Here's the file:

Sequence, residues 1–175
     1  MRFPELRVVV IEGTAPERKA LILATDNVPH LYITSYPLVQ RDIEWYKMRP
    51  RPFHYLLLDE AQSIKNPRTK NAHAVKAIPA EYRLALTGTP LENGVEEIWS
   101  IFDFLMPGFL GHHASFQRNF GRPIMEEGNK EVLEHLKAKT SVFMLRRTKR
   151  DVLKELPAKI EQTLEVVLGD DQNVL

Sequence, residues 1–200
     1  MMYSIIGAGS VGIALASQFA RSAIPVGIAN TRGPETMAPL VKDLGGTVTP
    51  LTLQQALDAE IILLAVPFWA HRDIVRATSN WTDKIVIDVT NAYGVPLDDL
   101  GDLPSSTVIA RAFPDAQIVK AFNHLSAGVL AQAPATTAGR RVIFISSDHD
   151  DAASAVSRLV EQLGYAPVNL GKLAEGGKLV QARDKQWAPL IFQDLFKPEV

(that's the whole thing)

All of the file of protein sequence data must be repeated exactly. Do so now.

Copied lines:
Sequence, residues 1–175
     1  MRFPELRVVV IEGTAPERKA LILATDNVPH LYITSYPLVQ RDIEWYKMRP
    51  RPFHYLLLDE AQSIKNPRTK NAHAVKAIPA EYRLALTGTP LENGVEEIWS
   101  IFDFLMPGFL GHHASFQRNF GRPIMEEGNK EVLEHLKAKT SVFMLRRTKR
   151  DVLKELPAKI EQTLEVVLGD DQNVL

Sequence, residues 1–200
     1  MMYSIIGAGS VGIALASQFA RSAIPVGIAN TRGPETMAPL VKDLGGTVTP
    51  LTLQQALDAE IILLAVPFWA HRDIVRATSN WTDKIVIDVT NAYGVPLDDL
   101  GDLPSSTVIA RAFPDAQIVK AFNHLSAGVL AQAPATTAGR RVIFISSDHD
   151  DAASAVSRLV EQLGYAPVNL GKLAEGGKLV QARDKQWAPL IFQDLFKPEV